Perles before swine

Guardian - No regrets

Of all the neo-con warmongers Richard Perle is probably the most obnoxious and the most sinister. In this interview with Suzanne Goldenberg he comes across as positively certifiable.
For Perle, it seems, war is something that happens to other people. It is also a condition about which ordinary mortals - those not privy to classified reports and reliant on newspapers and television for information - may not necessarily be qualified to hold an opinion. He says he learned that lesson in 1974 when he visited Saigon as the clock was winding down on the US presence in South Vietnam. Perle says he was braced for scenes of gore after following press reports of the conflict. "The war was still going on, and I went to several places in Vietnam. I expected before arriving, as a newspaper reader, to see a moonscape when I arrived, to see devastation everywhere. I arrived in Saigon and apart from the sandbags in front of some government buildings you wouldn't have known there was a war going on. Life on the surface was completely normal," Perle says. "I didn't see the war."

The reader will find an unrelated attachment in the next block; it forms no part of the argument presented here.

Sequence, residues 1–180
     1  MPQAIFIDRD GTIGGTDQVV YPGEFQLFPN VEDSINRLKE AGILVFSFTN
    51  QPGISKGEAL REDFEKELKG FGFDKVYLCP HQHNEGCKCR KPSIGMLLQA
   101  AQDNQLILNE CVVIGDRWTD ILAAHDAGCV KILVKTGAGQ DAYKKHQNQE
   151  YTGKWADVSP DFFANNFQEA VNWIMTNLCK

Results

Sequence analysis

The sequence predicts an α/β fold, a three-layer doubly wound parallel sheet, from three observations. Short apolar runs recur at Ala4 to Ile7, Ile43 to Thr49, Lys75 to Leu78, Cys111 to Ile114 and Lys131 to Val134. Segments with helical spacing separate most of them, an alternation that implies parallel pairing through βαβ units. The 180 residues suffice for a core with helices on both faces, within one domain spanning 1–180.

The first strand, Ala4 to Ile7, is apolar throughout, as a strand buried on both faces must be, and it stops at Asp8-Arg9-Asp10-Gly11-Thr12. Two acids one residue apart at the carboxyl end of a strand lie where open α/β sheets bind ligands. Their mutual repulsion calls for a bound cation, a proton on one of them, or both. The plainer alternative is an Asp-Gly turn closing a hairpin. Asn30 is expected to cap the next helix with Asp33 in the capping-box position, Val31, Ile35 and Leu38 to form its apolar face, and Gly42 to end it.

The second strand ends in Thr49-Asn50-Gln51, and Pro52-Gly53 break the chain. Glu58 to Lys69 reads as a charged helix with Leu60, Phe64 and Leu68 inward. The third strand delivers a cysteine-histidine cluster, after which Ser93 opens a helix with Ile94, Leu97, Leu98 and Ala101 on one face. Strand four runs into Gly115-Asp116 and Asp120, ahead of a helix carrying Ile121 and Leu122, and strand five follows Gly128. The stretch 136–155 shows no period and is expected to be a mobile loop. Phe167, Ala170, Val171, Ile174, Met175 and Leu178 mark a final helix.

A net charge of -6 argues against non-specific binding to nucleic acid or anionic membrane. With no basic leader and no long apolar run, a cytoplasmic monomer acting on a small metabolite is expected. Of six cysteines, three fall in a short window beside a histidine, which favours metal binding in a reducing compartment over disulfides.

Just a year after his visit, America would make its ignominious exit from Vietnam, helicopters lifting off from the US embassy in Saigon. But Perle says he never felt like he was in a real war zone. Small wonder then, perhaps, that 30 years later, he had no reservations in advocating war on Iraq, and was unable to imagine what might come afterwards.
And Iraq?
Are the Iraqi people better off today than they were under Saddam? "That's a very temporal question," he says.
If they put a noose around his fat neck I'd happily pull the lever.